As the clock ticked down towards cannabis legalization, Conservatives have been the fiercest critics of the government’s approach.
But as Canadians marked the first legal sales of marijuana on Oct. 17, Conservative Leader Andrew Scheer hinted his party will not seek to shut down the fledgling multi-billion-dollar market if elected next fall.
At the same time, he said there remained flaws with the current system.
“We’re going to propose changes to the regime based on the feedback we see,” Scheer said when asked specifically if he would reverse legalization.
Scheer has previously stressed that the party needed to be “realistic” about how it approached the issue of cannabis legalization.
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In an interview with Global News’ The West Block in 2017, he said dismantling the system after it becomes legal would not be an easy task.
“So we have to be very realistic as a party as to what we’re promising Canadians going into the 2019 election,” he said.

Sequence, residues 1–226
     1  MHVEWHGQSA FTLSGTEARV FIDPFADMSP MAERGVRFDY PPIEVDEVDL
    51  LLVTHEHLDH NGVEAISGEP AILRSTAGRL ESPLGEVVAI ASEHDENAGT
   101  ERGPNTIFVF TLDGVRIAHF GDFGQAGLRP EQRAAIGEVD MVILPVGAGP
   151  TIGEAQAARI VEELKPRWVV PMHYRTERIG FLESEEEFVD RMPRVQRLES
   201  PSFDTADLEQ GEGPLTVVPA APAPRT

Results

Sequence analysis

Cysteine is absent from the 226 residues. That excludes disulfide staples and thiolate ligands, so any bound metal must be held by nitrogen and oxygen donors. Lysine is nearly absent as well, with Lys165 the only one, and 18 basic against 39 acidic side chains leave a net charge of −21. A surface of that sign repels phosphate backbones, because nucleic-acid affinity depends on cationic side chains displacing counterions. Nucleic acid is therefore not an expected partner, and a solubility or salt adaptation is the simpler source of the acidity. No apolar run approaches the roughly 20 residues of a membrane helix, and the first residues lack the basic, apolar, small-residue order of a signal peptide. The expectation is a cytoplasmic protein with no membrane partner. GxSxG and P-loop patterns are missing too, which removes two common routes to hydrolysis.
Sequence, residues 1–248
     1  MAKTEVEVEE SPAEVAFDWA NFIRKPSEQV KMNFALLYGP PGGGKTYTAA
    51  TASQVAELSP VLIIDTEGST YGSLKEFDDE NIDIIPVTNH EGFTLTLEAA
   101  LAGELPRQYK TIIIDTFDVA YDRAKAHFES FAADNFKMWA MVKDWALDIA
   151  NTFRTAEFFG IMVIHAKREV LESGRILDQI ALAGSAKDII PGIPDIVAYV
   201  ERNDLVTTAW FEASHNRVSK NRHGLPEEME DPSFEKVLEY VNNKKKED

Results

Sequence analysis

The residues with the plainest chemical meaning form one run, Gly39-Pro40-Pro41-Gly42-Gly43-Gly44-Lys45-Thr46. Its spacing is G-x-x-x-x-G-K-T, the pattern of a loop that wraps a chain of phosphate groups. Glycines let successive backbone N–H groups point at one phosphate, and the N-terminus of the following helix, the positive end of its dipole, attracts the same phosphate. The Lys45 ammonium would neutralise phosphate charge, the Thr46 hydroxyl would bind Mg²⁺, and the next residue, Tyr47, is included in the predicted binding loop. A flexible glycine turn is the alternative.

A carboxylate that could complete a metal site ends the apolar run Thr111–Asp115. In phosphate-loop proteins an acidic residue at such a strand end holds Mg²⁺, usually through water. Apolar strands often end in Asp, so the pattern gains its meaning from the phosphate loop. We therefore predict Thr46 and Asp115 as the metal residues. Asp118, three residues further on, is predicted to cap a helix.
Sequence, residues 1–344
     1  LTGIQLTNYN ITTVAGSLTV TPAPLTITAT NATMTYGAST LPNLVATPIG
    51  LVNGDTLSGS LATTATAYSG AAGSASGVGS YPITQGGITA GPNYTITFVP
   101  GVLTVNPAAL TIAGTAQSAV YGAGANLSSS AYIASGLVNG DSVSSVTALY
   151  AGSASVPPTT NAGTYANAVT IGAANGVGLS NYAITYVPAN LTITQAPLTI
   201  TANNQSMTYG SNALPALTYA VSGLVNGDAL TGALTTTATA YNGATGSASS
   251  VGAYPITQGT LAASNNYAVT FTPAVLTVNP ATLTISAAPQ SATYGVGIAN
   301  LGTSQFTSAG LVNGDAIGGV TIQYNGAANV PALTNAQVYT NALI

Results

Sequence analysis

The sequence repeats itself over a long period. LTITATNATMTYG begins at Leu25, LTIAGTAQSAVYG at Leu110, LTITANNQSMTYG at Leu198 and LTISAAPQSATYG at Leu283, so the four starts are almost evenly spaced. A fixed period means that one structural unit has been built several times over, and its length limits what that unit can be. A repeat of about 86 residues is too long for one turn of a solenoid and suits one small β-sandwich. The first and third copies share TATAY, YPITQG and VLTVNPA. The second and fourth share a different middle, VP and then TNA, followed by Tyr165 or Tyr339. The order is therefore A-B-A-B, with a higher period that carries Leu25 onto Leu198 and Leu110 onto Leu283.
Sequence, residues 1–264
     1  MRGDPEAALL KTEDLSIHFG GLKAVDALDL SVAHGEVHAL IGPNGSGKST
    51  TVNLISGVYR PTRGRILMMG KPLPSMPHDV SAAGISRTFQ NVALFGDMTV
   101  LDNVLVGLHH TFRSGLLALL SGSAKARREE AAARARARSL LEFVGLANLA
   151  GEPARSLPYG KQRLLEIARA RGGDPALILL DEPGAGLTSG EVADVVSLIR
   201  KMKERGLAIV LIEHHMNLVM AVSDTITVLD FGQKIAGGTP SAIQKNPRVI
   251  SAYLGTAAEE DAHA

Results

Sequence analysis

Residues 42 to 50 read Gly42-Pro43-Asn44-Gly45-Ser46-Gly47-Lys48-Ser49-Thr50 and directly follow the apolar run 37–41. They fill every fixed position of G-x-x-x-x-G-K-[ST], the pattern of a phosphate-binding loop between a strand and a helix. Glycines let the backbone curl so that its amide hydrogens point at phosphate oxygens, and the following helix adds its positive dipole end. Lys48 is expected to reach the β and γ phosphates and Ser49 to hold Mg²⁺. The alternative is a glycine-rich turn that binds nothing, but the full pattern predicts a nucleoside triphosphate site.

“If this is something that has been legal for a period of time, it’s going to be very difficult to say, ‘Hey, we’re going to make this illegal again.’”
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Conservative MP Michael Cooper, who is one of the party’s justice critics, also said earlier in the day the focus shouldn’t be on whether to reverse legalization.
Instead, it should be on identifying how to make the system work better.
“Now that legalization is here, it’s here to stay,” he said.
“It’s not a matter of rolling back legalization. It’s a matter of ‘How do we fix some of the gaps?'”
The value of the legal cannabis market is predicted to hit $6.5 billion by 2020.
It is also expected to create about 120,000 jobs in Canada after its first year.
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